Wednesday, November 21, 2012

History Corner: The Fifth Monarchists, 17th century London religious radicals

In 1660, the monarchy was restored in England after 11 years in which the country had managed fine without a King. Charles II wasted no time in tracking down and killing the 'regicides' associated with the execution of his father, King Charles I, at the end of the English Civil War in 1649.

The first of the regicides to be hanged, drawn and quartered was Thomas Harrison, who was executed at Charing Cross. He had been one of the Fifth Monarchists, a radical current who believed that the age of earthly kings was over and that Christ would soon return and bring about social justice.

In the aftermath of Harrison's execution, a group of Fifth Monarchists decided to stage an uprising.  On 6 January 1661, around 50 Fifth Monarchists headed by Thomas Venner (a wine-cooper), set off from their meeting house in Swan Alley, off Coleman Street in the City of London. Their manifesto 'A Door of Hope: or a Call and Declaration for the gathering together of the first ripe Fruits unto the Standard of our Lord, King Jesus' called for the abolition of imprisonment for debt, the end of the death penalty for theft, and other social reforms, as well as for the overthrow of the monarchy. After several days of fighting, they were defeated. Venner and ten others were hanged for treason.

In the aftermath of the rising, the government rounded up all kinds of religious dissenters, including Quakers, Baptists and Congregationalists. Their meetings were banned, and thousands were jailed: 'Some 400 Baptists and 500 Quakers were arrested in London alone... So many sectaries were committed at the Croydon sessions for refusing to take the oath of allegiance that Sir John Maynard wondered where they could be detained... According to Maynard, the leader of the Croydon sectaries, Dr Bradley, was allowed by the jailer to 'imprecate destruction on the kings and all the Royall Line, in that which they call there devoction"'.

Despite this repression, dissent continued - including in Southwark and Deptford. In 1661 it was reported to magistrates 'that dissidents were meeting daily at the Southwark home of George Tutchins. Having failed in Venner's attempt, he allegedly said, they would rise again on the next moonlit night, and this time would have the use of fifty five barrels of powder stored in Deptford'.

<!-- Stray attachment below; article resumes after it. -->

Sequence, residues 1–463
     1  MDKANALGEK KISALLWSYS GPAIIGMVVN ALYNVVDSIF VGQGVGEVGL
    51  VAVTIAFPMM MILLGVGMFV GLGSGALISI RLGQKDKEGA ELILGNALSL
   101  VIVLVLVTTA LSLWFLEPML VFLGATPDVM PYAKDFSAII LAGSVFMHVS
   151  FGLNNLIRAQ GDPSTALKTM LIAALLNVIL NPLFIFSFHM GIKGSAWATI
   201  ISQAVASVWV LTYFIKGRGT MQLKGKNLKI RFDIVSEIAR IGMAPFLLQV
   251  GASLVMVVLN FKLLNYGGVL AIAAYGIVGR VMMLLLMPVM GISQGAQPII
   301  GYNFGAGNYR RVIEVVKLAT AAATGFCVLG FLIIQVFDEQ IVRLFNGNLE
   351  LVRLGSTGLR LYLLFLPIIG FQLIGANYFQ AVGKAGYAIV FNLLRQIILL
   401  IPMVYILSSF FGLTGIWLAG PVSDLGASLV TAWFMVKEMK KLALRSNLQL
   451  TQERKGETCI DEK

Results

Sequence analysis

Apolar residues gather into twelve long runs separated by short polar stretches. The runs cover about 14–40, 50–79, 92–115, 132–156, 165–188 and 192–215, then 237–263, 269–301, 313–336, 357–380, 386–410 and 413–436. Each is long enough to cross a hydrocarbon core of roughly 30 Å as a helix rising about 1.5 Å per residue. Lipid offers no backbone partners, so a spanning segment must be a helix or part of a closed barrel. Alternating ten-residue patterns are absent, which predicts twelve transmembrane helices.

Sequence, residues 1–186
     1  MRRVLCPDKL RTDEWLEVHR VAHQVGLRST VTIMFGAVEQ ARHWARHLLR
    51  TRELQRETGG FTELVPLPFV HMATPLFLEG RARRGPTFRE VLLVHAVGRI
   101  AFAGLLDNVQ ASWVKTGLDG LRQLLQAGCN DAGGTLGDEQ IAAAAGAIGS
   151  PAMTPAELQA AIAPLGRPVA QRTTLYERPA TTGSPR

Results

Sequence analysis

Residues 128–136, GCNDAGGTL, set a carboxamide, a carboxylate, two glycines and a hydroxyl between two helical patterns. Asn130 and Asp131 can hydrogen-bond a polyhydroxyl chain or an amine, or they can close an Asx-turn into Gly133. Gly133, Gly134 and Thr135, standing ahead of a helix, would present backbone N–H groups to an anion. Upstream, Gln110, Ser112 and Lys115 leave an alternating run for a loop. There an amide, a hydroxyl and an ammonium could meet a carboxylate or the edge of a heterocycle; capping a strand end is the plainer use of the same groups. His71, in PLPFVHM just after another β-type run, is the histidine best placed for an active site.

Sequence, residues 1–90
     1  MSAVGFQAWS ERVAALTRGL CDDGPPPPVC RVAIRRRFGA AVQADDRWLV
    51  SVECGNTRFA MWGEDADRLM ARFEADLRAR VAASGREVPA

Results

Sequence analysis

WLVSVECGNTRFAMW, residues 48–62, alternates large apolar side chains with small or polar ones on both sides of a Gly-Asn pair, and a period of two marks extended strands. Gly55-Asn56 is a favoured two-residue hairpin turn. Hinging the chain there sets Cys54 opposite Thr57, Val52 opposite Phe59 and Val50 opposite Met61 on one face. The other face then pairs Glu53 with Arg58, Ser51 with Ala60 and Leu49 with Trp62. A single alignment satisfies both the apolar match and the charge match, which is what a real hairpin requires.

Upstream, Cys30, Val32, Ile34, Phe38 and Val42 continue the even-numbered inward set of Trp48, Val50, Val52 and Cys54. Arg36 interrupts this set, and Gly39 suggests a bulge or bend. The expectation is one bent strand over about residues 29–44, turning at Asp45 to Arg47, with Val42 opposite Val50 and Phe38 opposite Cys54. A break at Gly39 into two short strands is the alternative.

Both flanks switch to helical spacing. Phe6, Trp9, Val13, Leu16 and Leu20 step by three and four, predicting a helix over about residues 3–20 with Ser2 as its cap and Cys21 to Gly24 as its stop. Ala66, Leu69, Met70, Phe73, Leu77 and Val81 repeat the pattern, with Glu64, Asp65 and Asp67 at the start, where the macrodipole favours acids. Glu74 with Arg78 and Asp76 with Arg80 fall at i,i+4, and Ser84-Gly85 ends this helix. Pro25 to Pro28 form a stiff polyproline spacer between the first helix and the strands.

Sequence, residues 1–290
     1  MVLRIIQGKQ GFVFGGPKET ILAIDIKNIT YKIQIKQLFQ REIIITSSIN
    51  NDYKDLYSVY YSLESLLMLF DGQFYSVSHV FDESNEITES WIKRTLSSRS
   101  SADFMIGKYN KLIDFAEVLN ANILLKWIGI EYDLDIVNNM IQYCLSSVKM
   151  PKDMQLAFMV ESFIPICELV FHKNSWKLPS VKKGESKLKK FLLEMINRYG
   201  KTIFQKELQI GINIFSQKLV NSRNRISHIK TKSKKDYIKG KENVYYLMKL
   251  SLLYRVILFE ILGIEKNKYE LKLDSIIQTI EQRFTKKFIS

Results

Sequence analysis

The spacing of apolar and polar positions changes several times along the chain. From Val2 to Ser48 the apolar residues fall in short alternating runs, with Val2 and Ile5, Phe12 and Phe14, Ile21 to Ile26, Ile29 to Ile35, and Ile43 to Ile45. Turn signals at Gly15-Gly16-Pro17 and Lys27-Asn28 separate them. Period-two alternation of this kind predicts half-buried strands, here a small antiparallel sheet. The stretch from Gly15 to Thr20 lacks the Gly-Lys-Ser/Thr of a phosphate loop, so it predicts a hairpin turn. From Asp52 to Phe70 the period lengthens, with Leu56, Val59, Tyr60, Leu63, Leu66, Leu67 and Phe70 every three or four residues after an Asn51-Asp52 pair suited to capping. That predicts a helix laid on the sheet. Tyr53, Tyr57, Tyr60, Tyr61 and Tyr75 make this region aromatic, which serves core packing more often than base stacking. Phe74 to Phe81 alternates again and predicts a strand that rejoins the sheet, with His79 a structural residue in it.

An intelligence report in March 1661 'noted that a Deptford radical was expending funds to win supporters in the army, while another report of about the same date indicated that ministers in the west who were managing a design were corresponding with the Congregationalist Ralph Venning, lecturer at St Olave's, Southwark'. There were clashes between radicals and conservatives at the time of parliamentary elections in 1661 (albeit elections in which many did not have the vote):  'in Southwark, where there was a long-standing radical community, the Presbyterians, Congregationalists, Baptists, and Quakers, under the leadership of Colonel George Thompson and Captain Samuel Lynn, were unable to prevent the election of four conservatives. Once their defeat was apparent, the radicals drew swords and fought with the supporters of Sir Thomas Bludworth'.

Another hotbed was Lee - then in Kent, now part of Lewisham. 'Because it was only a few miles southeast of London, it was easily accessible to radicals from the City. On 1 October [1661], a number of ex-Cromwellians were at Lee, including Colonels Robert Blount (or Blunt) and Thompson along with three other officers. The pulpit at Lee was open to virtually all comers. In the opinion of the informer Edward Potter, its congregation of more than a hundred would "prove as Dangerous to the government of England as any if They are not sudenly prevented". The minister at Lee, William Hickocks, contributed to such fears by preaching that the saints must be willing to die for God's cause'.

In 1662, 'Concerned about meetings of armed dissidents near Deptford in January, the king directed a constable with a band of volunteers to seize all concealed weapons in Blackheath Hundred. In March, London authorities discovered that the grocer Thomas Bone had some twelve pounds of powder and six bullets. Bone not only had ties to the Fifth Monarchist preacher Anthony Palmer, who told him "thes times cannot last long" but was also sending provision to men incarcerated in the Tower for treason'.

In another planned rising (the 'Tong plot' of 1662), conspirators considered a plan to seize the king 'at Camberwell on one of his biweekly visits to Henrietta Maria at Greenwich'.

Re-enactment 2013

Inveterate agitator Ian Bone and others are planning a film/history walk/re-enactment of Venner's 1661 rising early next year. He says:  'On January 6th we will be laying a wreath in Swan Alley off Coleman Street in memory of  Thomas Venner and  his fellow Fifth Monarchists who courageously rose  up here  against the return of the monarchy in 1661'. Meet in Swan Alley at noon - more details here.

Not sure if Ian Bone is a descendent of the Thomas Bone mentioned above, or whether his current home in the borough of Croydon is anywhere near the haunts of the anti-Royalist preacher Dr Bradley.   (Most of the information above, and all the quotes, from 'Radical Underground in Britain, 1660-1663' by Richard Lee Greaves)


ian bone said...

Yes there were reports of a gathering of 5,000 Fifth Monarchists in Horsham in 1659 ready to rise up but apart from Venner's rising they never acted in a united way. Feel free to dress as a Fifth Monarchist on January 6th - maybe have feeder march from south of the river!

John Lilburne said...

Not sure about your statement that "after 11 years the country had managed fine without a King." Cromwell wasn't very good as head of state and it was because the country was in such a bad way that Charles II and the monarchy was brought back.